4. In Germany we have seen many a tenuous claim made to the oldest/biggest/wonkiest, going to extremes to narrow the categorisation so as to claim the prize. The fact you cite about the spire on St Walburge's church passes my criteria of a valid claim to fame.

  5. Ruth - When I arrived back home and viewed the photos I went and gave the lens on my camera a good clean - not sure if that's had any effect but it was worth a try.


    Gayle - Well its more valid than the claim for the "centre of England" which if you Google gives rise to much nerdiness, much of which one would not understand without a double degree in mathematics.

  6. A lonely stretch on the southside.Not much chance of catching Coronavirus from anybody.
    You must have passed close to The Dolphin pub which truly had a Dickensian feel when the tide was in, the road flooded and the mist down. Haunted by some dubious characters.

  7. BC - I saw a sign pointing to The Dolphin and continued with anticipation but missed it. Now looking at the map I see I was following the Ribble Way embankment having passed the footpath leading off to the pub. Here is part of an email reply I ssent to gimmer on the subject of that esturial riverbank region:

    "Not quite as desolate as Magwitch’s marshes as I remember them as conveyed by CD but still with that lonely atmosphere of land that man has found little use for."

    Little chance there as you say but the shuttle bus from Preston Bus Station to Portway Park and Ride was a different matter!

  8. I've always believed that hydrogen is the way to go and that battery powered electrically driven motors whether cars, lorries or planes, is a chimera - ok for a relative few, but not for the very many, and not at all sure that overall it is all that 'CO2 neutral' given the generating, transmission and charging infrastructure required to 'fuel' it.
    As coal gas of old was about 50% hydrogen and the most of the rest the highly toxic CO, fears about the dangers of the hydrogen network are somewhat exaggerated - we used to work with pure chlorine at 1500C so hydrogen even at high pressures and ambient temperatures, should be quite possible with modern materials and engineering (solid state reversible absorption of hydrogen seems to be another unrewarding diversion , so far at least).
    But the comment about the cut was a flight of fancy - using hydrogen buoyancy to lift the craft over and along the muddy bottom when the tide is out - a sort of amphibious Hindenburg or R101 perhaps.

  9. gimmer - a little research tells me that an average narrowboat weighs around 18 tons. So, how big in metres length and depth (roughly) would the hydrobgen lifting device need to be? That could be a good question to put in an A Level physics exam paper?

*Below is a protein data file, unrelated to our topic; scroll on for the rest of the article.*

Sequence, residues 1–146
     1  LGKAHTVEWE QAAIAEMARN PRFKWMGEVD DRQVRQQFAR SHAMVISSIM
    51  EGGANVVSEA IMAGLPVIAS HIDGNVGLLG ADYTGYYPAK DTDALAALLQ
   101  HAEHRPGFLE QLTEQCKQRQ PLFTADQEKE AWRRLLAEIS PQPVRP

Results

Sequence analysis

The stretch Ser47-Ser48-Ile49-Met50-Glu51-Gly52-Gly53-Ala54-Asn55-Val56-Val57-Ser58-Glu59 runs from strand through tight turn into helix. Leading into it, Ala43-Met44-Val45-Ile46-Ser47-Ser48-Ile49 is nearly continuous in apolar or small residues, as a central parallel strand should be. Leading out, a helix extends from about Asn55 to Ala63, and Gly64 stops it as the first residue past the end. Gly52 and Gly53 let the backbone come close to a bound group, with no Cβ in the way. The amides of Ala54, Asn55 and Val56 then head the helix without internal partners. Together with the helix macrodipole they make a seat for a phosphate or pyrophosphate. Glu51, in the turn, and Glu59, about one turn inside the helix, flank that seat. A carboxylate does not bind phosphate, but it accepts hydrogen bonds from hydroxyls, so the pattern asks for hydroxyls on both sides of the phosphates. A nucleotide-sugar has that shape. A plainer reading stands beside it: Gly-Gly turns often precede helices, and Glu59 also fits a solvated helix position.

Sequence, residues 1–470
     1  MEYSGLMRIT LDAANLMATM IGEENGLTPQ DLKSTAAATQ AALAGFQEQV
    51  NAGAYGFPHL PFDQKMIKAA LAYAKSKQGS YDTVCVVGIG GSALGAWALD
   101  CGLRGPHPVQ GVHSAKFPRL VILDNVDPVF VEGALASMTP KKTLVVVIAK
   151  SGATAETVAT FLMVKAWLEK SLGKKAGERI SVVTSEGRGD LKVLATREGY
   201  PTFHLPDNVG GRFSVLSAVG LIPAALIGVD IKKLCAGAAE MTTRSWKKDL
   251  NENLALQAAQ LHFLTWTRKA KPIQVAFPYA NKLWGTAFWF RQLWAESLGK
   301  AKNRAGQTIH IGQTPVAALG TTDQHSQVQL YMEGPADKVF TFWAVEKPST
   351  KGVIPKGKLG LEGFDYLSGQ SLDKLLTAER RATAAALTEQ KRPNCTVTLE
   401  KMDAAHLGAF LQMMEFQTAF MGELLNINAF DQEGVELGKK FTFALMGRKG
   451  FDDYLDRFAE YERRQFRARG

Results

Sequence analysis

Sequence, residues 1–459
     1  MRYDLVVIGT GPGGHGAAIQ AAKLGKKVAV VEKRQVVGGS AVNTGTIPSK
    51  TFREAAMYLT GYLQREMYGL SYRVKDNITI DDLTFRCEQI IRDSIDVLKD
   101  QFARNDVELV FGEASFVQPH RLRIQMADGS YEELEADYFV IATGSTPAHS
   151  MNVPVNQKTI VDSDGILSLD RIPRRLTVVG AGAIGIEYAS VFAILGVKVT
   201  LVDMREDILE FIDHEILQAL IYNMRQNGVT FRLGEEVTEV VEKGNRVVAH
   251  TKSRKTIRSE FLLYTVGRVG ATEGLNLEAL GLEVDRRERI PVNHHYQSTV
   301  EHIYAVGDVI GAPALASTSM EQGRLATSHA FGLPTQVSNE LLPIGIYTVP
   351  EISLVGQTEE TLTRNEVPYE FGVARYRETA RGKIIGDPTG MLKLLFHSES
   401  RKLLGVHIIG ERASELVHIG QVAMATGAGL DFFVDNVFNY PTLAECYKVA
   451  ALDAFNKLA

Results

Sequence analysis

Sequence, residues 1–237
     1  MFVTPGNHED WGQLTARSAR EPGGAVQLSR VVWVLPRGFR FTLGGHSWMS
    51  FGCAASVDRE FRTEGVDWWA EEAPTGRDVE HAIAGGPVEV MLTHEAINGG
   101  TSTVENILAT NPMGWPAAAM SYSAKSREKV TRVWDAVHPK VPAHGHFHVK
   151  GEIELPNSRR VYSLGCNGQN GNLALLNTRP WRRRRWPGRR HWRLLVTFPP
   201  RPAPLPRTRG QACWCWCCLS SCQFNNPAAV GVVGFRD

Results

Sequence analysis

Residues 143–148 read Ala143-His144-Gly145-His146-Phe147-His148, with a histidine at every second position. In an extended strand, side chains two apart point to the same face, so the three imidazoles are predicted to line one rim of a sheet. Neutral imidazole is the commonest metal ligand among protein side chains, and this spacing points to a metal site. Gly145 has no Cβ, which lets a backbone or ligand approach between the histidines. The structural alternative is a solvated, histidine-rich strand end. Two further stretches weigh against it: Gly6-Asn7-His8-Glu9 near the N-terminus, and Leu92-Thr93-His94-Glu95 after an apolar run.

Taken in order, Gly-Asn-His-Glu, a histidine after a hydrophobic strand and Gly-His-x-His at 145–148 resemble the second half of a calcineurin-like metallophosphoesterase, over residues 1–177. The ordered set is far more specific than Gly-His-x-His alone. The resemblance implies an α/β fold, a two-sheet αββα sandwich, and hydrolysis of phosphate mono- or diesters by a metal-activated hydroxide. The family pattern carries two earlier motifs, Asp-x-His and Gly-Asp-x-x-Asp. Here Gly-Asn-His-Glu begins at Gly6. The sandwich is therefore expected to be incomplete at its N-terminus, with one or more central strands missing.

10. A Distinction for the first person to answer that without consulting Wolfram !

  11. kendal grufties11 March 2020 at 22:03

    You have a real talent for finding beauty and interest in Britain's bleak urban fringes!

  12. gimmer - given time and hard graft on the Internet I reckon I cpuld come up with an approximation - I just thought you may not be able to resist the challenge.


    Kendal grufties - more my language, thankyou. I love "bleak urban fringes" - I can feel another poem coming on, but I would feel guilty pinching your creation.

  13. i'll have a go if forced into isolation by the virus police

  14. needlesshaste - Ah my mystery commenter! I know you have comented occasionally before but I have no recollection of uncovering your identity (sorry if I have and it now having slipped my mind.) For some time I thought you were one of my friends using a new name for some unknown reason but I have checked and that is not the case.

    Whatever, I welcome your comments.

  15. As there seems to be little interest in your project, here are my calculations to show why - very approximately,
    the lift of a M3 of hydrogen at 10C and Standard Atmospheric pressure at 100M above sealevel is approx 1.2kg, it would need an airship about 100 M long by 12 m wide and 12m deep - too narrow for good aerodynamics - but make it 20 m wide and deep and the length required falls to only 40M long - like a US Blimp - about 1/10th the size of the R100 or Graf Zeppelin II.
    Easier to take the bus.

  16. gimmer - Splendid! Just what I was hoping for. I am surprised - I thought it would need to be much bigger than that.

    My goodness how things have moved on since this post

    I had a circular trip up Wild Boar Fell today - there and back in the car and no cafés. I met a lone builder working on a farmgouse restoration - been on it on his own since Christmas. I've just finshed precessing the photos - post will follow tomorrow.